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Melissa Portan LMSW, MEd

Writer & Sexologist

Melissa is a 5th generation spiritual guide who specializes in helping others find their own spiritual path. She is also a sex and relationship therapist practicing in NYC.


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The Altar

The idea of having an altar, because the word altar has heavy and religious connotations, may seem daunting to many. At the sound of the word altar, someone may think of Satanic worshiping and red, dripping candles, with bones scattered on a pentagram-clothed table. Or, or, someone may think of the cavernous church altar, complete with a kindly priest. But an altar can be many things and it is one of the most intimate aspects of a spiritual practice.

For many who have found their spiritual path and left the church, an altar may seem like a thing that has been left behind in the reverberating, white marble walls of an old building. A person going through this sort of situation may feel a quiet disconnect, like forgetting something without knowing what it is. Perhaps they have in their minds the idea that only churches can be holy and only churches can have altars, and that whatever else is outside of the church is sacrilegious and evil. This is not true. One can have a sacred place in the privacy of one’s home.

A glimpse of my altar; includes angels, Lord Ganesh, Buddha, and at the forefront, the Moon.

How your altar is shaped depends on your practice. The reason it may be overwhelming to create an altar is because you may have preconceived notions of what an altar is supposed to be. But if you are exploring your beliefs or leaving behind beliefs, then what is on your altar will change, and that is okay.

An altar is not about who you worship or what you have. It is not about having ornate tables with rare crystals. It is not about fancy daggers, feathers, or oils. Having an altar is about connecting with divinity, both within yourself and the universe. An altar is a sacred space not only dedicated to your deity/deities, but also to yourself. This is your sacred space. This place is yours, yours to be free, yours to learn, and to explore. An altar doesn’t even have to be dedicated to one specific deity. If you don’t believe in any of the Gods, regardless of which path, and if you don’t believe in a single God, then there is no requirement that your altar be dedicated to one. It is all up to you and there really isn’t a wrong answer.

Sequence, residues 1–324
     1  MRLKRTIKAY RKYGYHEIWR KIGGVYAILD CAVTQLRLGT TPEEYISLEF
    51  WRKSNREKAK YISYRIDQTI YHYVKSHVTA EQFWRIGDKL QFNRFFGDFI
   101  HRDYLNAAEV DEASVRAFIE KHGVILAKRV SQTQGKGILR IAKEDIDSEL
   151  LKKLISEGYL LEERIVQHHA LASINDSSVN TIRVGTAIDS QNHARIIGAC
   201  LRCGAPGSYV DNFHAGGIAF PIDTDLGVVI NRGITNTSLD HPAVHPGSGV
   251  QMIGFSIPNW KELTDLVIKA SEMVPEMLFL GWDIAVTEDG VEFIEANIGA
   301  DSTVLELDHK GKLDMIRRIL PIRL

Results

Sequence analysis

Depending on your spiritual practice and beliefs, your altar will be different. For example, Wiccans; their altars must always have two lit candles dedicated to the God and Goddess, respectively. The Goddess candle must be black and the God candle must be white. If the main Gods of the worshiper are the Sun and the Moon, then it is preferred that the candles be silver and gold. But silver and gold candles are hard to come by and more expensive. So people get creative. Perhaps instead they have white candles for both Gods and instead have them adorned with the colors representative of each. And on top of the color requirements there are positioning requirements; for example, the altar must face east and the candles, athame (a type of dagger), the chalice filled with water, the bowl with dirt, must all be placed in specific areas of the altar. This is for traditional Wiccans and even then, these parameters may feel too constricting for some.